Victims and Villains In Therapy
Often triggered clients are solidly—yet unconsciously—on the triangle when they initially come to seek therapy. People may seek treatment when they feel unfairly treated (victim) or angry at others (villain).

STEPPING OFF THE DRAMA TRIANGLE

Getting out of this pattern may be easier said than done. Staying out of drama and operating from a place of conscious leadership requires vigilance. Living consciously and free of drama is an ongoing commitment toward a practice of living from an informed state of mind.

The reward of this constant vigilance can be great. Staying off the drama triangle can help foster peace and well-being at work. Resisting the temptation of drama can influence greater productivity, higher levels of motivation, and a more satisfying experience at work.

Address the vital questions by focusing on outcomes
At work, or in your personal life, learn to address these “3 vital questions” that come from the work of David Emerald:
Focus on creating outcomes and results rather than simply reacting.
Decide not to perpetuate “drama,” but empowerment.
Take action to solve actual business problems, rather than enlist yourself in drama.

Take ownership
Some ideas for stepping away from the drama include:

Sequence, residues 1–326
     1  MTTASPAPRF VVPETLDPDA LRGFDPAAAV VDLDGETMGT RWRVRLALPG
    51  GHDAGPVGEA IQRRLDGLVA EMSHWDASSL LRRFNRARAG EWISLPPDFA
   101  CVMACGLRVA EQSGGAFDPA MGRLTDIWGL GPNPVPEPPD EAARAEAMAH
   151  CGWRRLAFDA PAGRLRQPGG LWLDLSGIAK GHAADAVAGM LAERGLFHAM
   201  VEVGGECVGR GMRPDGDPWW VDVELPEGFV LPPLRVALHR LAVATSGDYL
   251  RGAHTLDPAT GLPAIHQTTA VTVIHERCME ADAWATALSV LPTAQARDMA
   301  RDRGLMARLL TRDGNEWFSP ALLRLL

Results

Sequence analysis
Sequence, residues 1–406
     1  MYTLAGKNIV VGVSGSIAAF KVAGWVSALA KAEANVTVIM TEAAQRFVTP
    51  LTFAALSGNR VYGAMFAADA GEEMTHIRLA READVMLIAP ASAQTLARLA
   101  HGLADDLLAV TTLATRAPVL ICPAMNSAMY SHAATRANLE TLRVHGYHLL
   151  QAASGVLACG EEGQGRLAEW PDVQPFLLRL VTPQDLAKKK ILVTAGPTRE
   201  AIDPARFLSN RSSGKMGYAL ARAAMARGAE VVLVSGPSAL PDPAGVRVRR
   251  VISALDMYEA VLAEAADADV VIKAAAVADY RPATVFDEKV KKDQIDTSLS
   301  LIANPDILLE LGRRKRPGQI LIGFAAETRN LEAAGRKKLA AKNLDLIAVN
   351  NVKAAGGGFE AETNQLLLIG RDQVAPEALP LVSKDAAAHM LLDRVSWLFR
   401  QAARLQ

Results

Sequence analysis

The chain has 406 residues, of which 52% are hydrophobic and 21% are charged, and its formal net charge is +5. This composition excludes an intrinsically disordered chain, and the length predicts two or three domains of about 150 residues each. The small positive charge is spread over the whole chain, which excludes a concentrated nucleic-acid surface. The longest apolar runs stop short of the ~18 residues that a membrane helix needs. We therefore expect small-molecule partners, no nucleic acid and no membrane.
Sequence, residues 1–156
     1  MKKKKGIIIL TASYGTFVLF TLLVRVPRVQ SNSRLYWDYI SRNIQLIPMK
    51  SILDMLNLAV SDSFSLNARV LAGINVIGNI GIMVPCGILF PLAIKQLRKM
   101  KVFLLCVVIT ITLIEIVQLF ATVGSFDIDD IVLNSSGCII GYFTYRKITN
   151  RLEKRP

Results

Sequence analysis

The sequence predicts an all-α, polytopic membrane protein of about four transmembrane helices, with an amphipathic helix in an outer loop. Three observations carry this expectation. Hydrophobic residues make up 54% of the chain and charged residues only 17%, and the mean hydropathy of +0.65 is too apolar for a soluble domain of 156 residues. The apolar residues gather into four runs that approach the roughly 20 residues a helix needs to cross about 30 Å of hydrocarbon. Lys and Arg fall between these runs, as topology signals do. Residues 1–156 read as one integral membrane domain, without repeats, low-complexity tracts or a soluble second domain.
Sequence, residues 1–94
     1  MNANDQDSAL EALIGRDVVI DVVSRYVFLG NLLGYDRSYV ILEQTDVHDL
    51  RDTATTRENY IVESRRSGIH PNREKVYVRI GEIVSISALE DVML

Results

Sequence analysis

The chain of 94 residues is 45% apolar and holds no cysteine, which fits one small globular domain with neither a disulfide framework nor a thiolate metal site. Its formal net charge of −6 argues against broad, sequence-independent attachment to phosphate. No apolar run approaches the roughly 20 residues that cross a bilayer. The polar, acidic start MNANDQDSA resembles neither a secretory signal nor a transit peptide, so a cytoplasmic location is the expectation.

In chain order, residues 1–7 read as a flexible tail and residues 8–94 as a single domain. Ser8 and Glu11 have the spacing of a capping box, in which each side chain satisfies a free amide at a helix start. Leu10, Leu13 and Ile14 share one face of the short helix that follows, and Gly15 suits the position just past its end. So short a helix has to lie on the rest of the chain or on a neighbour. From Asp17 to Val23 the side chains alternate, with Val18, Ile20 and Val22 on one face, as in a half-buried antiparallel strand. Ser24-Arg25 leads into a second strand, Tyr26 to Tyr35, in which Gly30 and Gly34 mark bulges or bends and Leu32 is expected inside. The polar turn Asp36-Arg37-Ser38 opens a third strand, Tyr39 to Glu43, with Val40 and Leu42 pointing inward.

Bring awareness of the drama triangle pattern to any situation involving complaints or potential “drama.” When you recognize the game and specific roles, you can examine your own patterns and those of others.
Ask yourself questions such as “Is this my business?” when drama arises. You don’t have to take on other people’s stuff.
Stay neutral in dealing with others—avoid operating from a place of fear or a sense of obligation or guilt.

 

Envision the triangle “flipping” into one of empowerment by using coaching techniques when someone tries to jump in.

Flip the script — from anxiety and drama to one oriented toward personal development and growth.

 

 

15 vows for conscious leadership
According to the Conscious Leadership Forum, each person should work to:
• Take full responsibility for the circumstances of your life, including physical, emotional, mental and spiritual wellbeing.
• Be curious, and commit to personal growth and self-awareness.
• Feel your feelings all the way through to completion.
• Say candidly what is true for you.
• Stop gossip. Speak directly to those with whom you have a concern.
• Practice living with integrity — acknowledge feelings, express truth, and keep you agreements.
• Live in appreciation rather than entitlement.
• Learn to operate from your own “zone of genius.” Resist believing that you can be all things to all people.
• Commit to being your own source of security, control and approval. These can come from the inside.
• Believe and recognize that you have enough time money, love, energy, space, and resources.
• See all people and circumstances as allies, there to help you learn and grow – even the difficult, challenging and uncomfortable ones.

HoloBeing’s Fellowship Circle supports holistic businesses owners of all kinds – especially healer-types – to find their business strengths and the business growth strategies that resonate deeply with their being.  We support you through exploring your business and money light and shadow so that you can move past deep-seated blocks and grow the business and life that you are capable of.  Read more about the one-of-a-kind Fellowship Circle here, the benefits of our group and how you can join.